There is still a lot to like about these images, in fact the one on the left landed my first children's book gig! Now I look back on these and realize I wasn't ready for the publishers at that time. It's likely that kids would still love the images but unfortunately in order to get my illustrations accepted by publishers and bought by parents and into the kids hands, I have to go through adults. Publishers see hundreds if not thousands of art submissions each week on their desk and most of that goes directly to the trash can. They look for unique styles, good handling of subject matter, great understanding of color, composition, the ability to tell stories through images, etc etc. but above all a children's book illustrators have to understand how to paint children in a  lively and fun way. That can be anything from the style of charlie brown comics or dora the exploror to a full on deatailed exagerated realism character like norman rockwell. I still struggle with that myself but have made huge leaps and bounds over the past few years.

     Sometimes it's hard for artists to look at their own art objectively. We spend hours and hours drawing and painting an image and redrawing and repainting, moving and shaping, pushing tugging, splatting, sloshing, rubbing, dabbing etc. we might spend twenty minutes just trying to get  a nose to look right or an hour painting the eyes with a tiny little brush that has bristles flairing out at the ends. It takes patience, a steady hand and the perfect flick of the brush to get just the right amount of hairs, with just the right amount of paint, to land in just the right spot and shape, to form the whites of the characters eyes ; on a face that is less than an inch in height on the canvas. Then when  you feel you got the paint in the right spot, you find that it's not the correct hue in relation to it's surroundings or that is the exact moment your little sister walks into the room to tell you one of the eyes is lower than the other, LOL.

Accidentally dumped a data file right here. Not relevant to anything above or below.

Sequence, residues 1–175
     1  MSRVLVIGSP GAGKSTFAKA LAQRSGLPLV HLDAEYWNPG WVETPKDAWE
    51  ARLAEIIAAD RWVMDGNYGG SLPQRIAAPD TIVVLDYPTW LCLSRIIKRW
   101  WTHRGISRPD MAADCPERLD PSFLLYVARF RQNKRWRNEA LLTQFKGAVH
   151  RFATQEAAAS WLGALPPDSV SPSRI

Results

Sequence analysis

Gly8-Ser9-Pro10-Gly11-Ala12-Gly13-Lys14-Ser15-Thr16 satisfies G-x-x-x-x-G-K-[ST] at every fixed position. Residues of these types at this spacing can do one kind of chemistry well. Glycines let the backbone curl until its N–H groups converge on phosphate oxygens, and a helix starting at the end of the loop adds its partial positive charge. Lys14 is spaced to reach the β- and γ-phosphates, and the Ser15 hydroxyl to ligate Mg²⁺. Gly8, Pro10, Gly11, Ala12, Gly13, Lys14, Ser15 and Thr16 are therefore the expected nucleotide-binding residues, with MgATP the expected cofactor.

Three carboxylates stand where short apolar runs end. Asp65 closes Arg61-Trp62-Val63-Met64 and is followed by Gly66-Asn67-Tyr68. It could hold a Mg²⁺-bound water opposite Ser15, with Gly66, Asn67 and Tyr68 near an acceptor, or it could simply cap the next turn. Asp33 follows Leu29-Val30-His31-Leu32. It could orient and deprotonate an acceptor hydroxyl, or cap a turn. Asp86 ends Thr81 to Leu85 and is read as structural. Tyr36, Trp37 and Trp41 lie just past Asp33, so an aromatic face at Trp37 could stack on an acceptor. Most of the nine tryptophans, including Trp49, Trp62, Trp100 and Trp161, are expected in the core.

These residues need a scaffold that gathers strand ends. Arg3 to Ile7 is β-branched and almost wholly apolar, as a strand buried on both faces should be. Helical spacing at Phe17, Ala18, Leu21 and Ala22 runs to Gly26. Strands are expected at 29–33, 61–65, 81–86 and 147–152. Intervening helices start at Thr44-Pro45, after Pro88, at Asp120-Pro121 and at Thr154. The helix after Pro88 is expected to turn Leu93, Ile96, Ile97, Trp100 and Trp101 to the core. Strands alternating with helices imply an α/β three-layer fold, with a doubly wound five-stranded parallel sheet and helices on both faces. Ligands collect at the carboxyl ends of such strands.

I feel I have started to retain some of the things I've been learning on the topic and hope to write some blog posts soon discussing how to draw and paint kids. Everything from what materials and mediums I find to work best, how to draw folds in clothing, drawing various hair styles, drawing the same character in different poses, designing the character, drawing emotions and facial expressions etc. All the stuff I still struggle with greatly! haha. But it should be fun to learn even more on the topics and put it all into written form for my own future reference and for yours. I'll be sure to reference books and websites on the topic whenver I know of any.


Thursday, November 3, 2011

A Peek Into An Illustrator's Life: One

This is the start of a series of blog posts I've wanted to start for quit some time, in which I hope to share some funny and interesting stories from my life as an artist or life in general.  A good children's illustrator knows how kids think and what they want to see. I think we pretend this has something to do with our keen insights or our fascinating ability to observe human nature at it's best. When in reality we all know it has a lot more to do with the fact that most children's illustrators are still just big kids ourselves. I still haven't figured out how to brush my hair. I once read a post on facebook asking,  "has anyone noticed that grownups are just kids trapped in bigger bodies?"

How else can a children's book illustrator start such a series but with a quote from a kid?! Kids are the best!

One day while working in the studio I was listening to an old episode of "This American Life"  about the logic of kids.

                  Adult: "What does the tooth fairy do with all the teeth?"

                   Kid: "She collects them and makes stuff."

                  Adult: "Like what?"

                  Kid: Tooth chairs , tooth trophies and tooth houses"

               ...Adult: "Why does she make houses out of teeth instead of bricks?"

                  Kid (without missing a beat): "Because no one doesn't have brick teeth"

The things that kids say are just so unbelievably genius in their originality and spontanaity! This reminds me of the time I went out to eat with family after church. There was another family from church sitting at the table next to us. The mom was actually one of the religious ed teachers and I always see her showing her kids how to do the sign of the cross, explaining the various things the priest does etc.  When it came time to order drinks I overheard the little boy tell the waitress that he wants a Bud light on Draft! The look on the parents faces was priceless. I later heard the father tell the waitress that they discovered the boy had read the phrase from a sign hanging in the restaurant "We serve Bud light On Draft!"